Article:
“So that was what got the ball rolling in term of the Center’s work. And we kept at it, continuing to study what could be. Continuing to study the impact it could have, continuing to understand who was being left out of the credit under previous law.  And when people were doing legislative work around it, we would make sure to share our findings. We weren’t driven in any way by the political calendar. But when we heard about people beginning to introduce this type of legislation, we made sure that their offices had our data.”

In addition to doing this research, you also reached out to those in the political realm who were interested and activist in this area. You knew who they were, and you made sure they were familiar with your research.

Collyer: “Yes, that had a large part to do with the expanded CTC.  That’s kind of our mission, right? We do work that meets academic standards in terms of policy analysis, but we make sure it doesn’t only live solely within an academic community. The reason a lot of people are studying policies that they think are more effective, is to make sure that those effective policies become a reality. And so, we didn’t shy away from making sure that those who were interested in our studies could access them. In every political domain, across the spectrum – making sure that the information was out there.

How did you communicate the impact of the March CTC legislation on poverty?

Collyer: “When the CTC is combined with the other components of the American Rescue Plan legislation passed in March, the child poverty rate is projected to be cut by half. So that in 2021 we project that without this intervention, the poverty rate would have been about 15%. And all of the interventions in the ARP, combined, cut it in half -- moving half of poor children above the poverty line in the US.

Tell us about your contacts with Rosie DeLauro. And what was it about your research that was so impactful according to DeLauro?

Collyer: “She’s long been a champion of this reform. And so when we began doing this research, we made sure she and her office had access to it, as well as everybody else, in Congress. 

“The CTC expansion is based on a piece of legislation called the American Family Act.  It was actually introduced in the House of Representatives by Representatives DeLauro and DelBene. And then in the Senate by Senators Sherrod Brown, Michael Bennet, and Cory Booker.  It had backing among Democrats in both Houses. And we made sure that the work we were doing got to those people. And we also worked with a several other researchers who study anti-poverty policy in a paper called, “A Case For a Child Allowance in the United States”.

“It was a principled outline and approach to how to structure such a policy. And this included information on the credit amounts and delivering it monthly, which is what’s happening now. And so we made sure that they had access to that information.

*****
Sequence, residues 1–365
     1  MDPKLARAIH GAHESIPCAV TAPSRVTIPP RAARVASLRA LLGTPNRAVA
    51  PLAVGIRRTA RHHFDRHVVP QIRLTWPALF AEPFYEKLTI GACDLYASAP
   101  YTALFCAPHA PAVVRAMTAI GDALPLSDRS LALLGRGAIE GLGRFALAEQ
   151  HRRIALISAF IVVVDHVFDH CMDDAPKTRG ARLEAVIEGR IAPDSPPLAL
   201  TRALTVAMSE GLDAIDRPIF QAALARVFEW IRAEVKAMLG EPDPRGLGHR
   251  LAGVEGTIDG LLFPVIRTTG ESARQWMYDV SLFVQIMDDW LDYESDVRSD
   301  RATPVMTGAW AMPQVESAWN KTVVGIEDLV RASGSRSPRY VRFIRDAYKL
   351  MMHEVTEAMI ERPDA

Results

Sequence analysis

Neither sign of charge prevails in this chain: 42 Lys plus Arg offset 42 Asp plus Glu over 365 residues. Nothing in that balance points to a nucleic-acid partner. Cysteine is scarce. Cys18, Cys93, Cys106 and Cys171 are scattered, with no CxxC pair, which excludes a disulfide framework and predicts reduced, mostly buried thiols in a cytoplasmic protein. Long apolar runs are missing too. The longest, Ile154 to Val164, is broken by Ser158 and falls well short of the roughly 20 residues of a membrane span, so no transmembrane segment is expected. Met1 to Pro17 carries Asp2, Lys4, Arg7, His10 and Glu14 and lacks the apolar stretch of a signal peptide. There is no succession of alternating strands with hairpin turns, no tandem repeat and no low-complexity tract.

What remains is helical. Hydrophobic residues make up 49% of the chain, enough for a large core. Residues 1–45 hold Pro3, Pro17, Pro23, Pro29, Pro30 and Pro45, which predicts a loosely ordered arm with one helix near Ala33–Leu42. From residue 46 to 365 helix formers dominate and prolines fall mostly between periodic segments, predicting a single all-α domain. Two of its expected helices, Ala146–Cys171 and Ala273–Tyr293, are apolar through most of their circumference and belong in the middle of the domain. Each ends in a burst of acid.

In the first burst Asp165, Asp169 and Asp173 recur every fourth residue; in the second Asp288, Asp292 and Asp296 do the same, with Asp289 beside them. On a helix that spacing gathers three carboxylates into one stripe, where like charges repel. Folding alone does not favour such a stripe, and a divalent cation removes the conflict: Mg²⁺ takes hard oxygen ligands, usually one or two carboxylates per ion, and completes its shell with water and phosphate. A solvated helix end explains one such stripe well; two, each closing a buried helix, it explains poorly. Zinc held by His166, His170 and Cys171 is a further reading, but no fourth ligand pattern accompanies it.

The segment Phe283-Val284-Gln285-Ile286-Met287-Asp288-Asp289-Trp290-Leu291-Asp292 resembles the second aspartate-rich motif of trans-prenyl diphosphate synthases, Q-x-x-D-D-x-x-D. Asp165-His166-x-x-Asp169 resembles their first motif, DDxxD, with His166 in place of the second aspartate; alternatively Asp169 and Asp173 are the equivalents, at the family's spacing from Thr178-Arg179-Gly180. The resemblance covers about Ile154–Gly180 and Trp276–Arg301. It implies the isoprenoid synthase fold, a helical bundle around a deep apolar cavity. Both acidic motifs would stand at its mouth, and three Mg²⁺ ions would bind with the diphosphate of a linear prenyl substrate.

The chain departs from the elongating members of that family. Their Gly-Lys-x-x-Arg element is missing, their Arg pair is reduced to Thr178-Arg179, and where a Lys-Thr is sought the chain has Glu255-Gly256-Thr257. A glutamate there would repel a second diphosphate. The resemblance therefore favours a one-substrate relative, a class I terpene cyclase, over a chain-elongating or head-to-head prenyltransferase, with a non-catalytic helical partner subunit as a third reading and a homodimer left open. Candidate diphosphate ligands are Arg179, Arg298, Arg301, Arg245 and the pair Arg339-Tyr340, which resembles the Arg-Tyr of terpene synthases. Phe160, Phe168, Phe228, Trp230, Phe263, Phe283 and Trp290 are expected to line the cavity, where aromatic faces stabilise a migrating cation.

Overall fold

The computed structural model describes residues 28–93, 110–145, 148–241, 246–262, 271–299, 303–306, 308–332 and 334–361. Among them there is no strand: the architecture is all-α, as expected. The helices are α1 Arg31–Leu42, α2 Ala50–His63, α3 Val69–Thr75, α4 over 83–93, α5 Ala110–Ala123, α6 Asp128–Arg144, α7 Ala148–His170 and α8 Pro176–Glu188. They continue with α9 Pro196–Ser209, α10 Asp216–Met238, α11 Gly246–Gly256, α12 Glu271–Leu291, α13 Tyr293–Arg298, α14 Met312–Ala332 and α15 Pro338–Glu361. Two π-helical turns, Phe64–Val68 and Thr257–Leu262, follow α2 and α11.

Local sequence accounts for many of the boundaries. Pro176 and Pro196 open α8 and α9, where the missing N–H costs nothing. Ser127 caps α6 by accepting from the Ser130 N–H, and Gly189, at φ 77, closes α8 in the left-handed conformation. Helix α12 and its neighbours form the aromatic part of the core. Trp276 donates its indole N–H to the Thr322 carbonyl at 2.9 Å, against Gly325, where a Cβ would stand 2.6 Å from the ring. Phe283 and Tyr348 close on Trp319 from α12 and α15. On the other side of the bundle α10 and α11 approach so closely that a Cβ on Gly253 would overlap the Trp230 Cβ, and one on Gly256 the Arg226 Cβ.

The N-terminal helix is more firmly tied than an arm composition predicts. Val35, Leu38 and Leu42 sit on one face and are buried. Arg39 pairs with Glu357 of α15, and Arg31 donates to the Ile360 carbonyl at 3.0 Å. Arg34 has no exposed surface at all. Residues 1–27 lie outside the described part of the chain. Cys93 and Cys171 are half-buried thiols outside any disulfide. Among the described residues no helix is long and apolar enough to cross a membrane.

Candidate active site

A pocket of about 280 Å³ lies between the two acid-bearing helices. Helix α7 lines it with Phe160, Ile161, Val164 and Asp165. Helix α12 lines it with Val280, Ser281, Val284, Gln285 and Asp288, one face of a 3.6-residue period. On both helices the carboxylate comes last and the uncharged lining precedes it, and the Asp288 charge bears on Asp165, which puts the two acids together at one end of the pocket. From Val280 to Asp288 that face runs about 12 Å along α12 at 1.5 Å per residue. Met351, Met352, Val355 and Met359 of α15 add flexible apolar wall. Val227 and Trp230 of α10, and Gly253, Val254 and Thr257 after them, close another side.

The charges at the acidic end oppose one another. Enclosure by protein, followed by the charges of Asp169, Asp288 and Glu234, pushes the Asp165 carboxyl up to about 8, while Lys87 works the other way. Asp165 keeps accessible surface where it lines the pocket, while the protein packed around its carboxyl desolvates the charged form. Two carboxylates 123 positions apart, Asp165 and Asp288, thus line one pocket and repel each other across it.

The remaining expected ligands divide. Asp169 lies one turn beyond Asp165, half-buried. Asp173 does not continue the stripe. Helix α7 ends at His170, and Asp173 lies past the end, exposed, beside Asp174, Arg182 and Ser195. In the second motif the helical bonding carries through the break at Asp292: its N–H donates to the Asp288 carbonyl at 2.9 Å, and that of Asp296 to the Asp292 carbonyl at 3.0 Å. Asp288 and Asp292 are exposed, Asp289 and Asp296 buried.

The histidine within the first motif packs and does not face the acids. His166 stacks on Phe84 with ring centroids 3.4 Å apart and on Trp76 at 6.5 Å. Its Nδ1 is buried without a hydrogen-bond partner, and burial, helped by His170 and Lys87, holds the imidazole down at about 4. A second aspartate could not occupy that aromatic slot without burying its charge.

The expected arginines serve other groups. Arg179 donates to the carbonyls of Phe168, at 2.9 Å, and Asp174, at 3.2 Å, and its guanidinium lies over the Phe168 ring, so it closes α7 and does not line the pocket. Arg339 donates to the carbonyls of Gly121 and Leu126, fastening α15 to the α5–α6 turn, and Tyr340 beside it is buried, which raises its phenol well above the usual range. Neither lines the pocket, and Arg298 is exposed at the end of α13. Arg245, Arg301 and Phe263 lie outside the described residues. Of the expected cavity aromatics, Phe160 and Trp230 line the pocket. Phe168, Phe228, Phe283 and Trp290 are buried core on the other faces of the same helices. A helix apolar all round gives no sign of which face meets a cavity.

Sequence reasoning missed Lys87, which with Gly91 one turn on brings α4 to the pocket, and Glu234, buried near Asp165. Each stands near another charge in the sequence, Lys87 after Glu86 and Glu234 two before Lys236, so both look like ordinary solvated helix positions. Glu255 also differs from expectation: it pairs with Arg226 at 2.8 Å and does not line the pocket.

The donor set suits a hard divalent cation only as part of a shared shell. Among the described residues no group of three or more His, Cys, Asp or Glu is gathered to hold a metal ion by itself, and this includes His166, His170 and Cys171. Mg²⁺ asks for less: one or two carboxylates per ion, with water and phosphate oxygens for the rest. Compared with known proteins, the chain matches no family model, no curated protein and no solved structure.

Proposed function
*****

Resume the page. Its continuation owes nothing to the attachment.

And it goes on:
“Secondly, I think something we live by in our Center is just about being open.  When someone asks, what about impacts for this group, what about this other group?  We respond. That’s part of our mission. When people ask, we investigate. We are open when requests come in. So we were able to build and strengthen relationships that way.

“We’re not a think tank. We’re an academic research institution.  Our focus is on academic research -- we don’t have political opinions. We have evidence showing impacts of policies and reforms and we also work to get these findings out into the world.  That’s our bread and butter. We don’t do advocacy; we discuss our work. And it speaks for itself.”


Slashing child poverty is not rocket science.  America did it. So can Israel.  You do it by giving money to poor families.  

Conservatives call it welfare.  The dictionary says welfare means the happiness and health of people.  Only in the US is welfare known as financial aid to the needy.  What in the world is wrong with helping those who are poor, to become healthier, smarter and happier?  By giving them money? Conservatives say, they will waste it.  The Economist notes:  “Surveys from the Census Bureau show that most [US] families say they are spending the new funds on clothing, food, housing and utilities.”

Right-wing Israeli politicians have insisted on legislating Israel to be a Jewish state, in the Nation-State Law.  OK, fine -- then why can we not learn from the US and walk our talk – live Jewish values rather than just talk them?   Poor adults are a blot on our nation. Poor kids are much, much worse.  

There are those who say, Israel can’t afford it. I say, Israel cannot afford not to invest in its children.  

A study led by Prof.  Garfinkel has shown that “the value to society that flows from the impact [of the expanded child credit], by increasing children’s health, education and future earnings and decreasing health, child protection and criminal justice costs, is nearly eight times the annual costs.”  

Garfinkel, one of my heroes, has studied poverty since 1968. He knows whereof he speaks. Show me another social investment that pays a 700% annual rate of return.   

But this may not have a happy end.  The CTC expires in December – unless it is extended by the House and Senate. With razor-thin Democrat majorities in both Houses, it will be a cliff-hanger. 

 The writer heads the Zvi Griliches Research Data Center at S. Neaman Institute, Technion and blogs at